The other physical object-making crunch that I engaged in is evident on instagram.

Everything took longer than expected. There was a lot to do to get the project ready — and the fact that each task took longer than I expected it to — each and every single task — was a constant source of stress.

The documentation for each of the libraries that I was using was incomplete, poorly-written, or assumed knowledge that I didn’t have (or was never meant to be combined in the ways that I needed). They’re usually open-source of course, and I appreciate that people have other jobs and other work, but when your constructor uses the same name for the variable and the data type without explaining, that’s really difficult to parse (looking at you, socket.io).

For the installation of certain things on the Raspberry Pi, I got it to work once and I’m not sure why it worked, because it wouldn’t work again on the other machines even though I followed the same instructions. So, instead, I cloned the card. I’m a bit nervous about when I have to update the code and the audio files and such. I hope it’ll go okay.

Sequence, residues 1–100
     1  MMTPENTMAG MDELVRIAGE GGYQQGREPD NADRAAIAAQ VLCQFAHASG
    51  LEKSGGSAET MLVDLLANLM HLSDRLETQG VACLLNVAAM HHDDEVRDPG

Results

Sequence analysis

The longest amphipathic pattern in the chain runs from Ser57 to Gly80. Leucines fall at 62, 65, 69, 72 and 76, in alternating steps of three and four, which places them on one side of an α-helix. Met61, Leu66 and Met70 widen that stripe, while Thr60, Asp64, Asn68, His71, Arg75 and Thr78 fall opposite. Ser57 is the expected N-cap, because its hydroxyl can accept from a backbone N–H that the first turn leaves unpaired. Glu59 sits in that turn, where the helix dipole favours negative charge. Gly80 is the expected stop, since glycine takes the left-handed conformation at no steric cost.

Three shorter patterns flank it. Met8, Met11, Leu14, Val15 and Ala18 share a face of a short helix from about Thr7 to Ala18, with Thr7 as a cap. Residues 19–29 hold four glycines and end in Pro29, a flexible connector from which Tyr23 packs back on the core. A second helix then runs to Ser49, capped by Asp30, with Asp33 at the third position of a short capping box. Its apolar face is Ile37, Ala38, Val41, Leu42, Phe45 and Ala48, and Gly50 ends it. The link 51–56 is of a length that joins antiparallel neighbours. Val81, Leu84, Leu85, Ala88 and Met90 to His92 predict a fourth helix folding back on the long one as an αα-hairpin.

My 3D models would look fine in theory, but would have physical limitations or issues when I actually printed them. I had to redesign one particular object something like 4 or 5 times — and wait in between each re-design to print it to see what problems arose.

So, I expected to have around a week to build certain parts of the project and instead wound up with 24 hours. What a mess.

I am very, very grateful to the people that helped me — by volunteering their voices, by helping me with programming, by physically building things with me.

Right now, that’s these folks (quoted from my credits):

“VOICE ACTING
System Voice – Natural Reader (modified)
The Handler – Jess Rowan Marcotte
Object 10 – Ash Cheshire
Object 09 – Thomas Deliva
Object 01 – Gina Hara
Object 05 – Enric Llagostera
Object 02, 08 – Jordan McRae
Object 03, 04, 06 – Lukas Rowland
Object 07 – Dietrich Squinkifer

3D-PRINTED OBJECTS
Jess Marcotte (20×4 LCD cover, Arduino Uno Case top)
brandroid64 (Brandon Bowles) (Customizable Raspberry Pi 3 (A+/B+) Case)
djminnesota (Dan Johnson) (Arduino Uno Case bottom, modified by Jess Marcotte)

SPECIAL THANKS TO
Enric Llagostera and Dietrich Squinkifer for their help with all of my programming questions and for helping me debug.”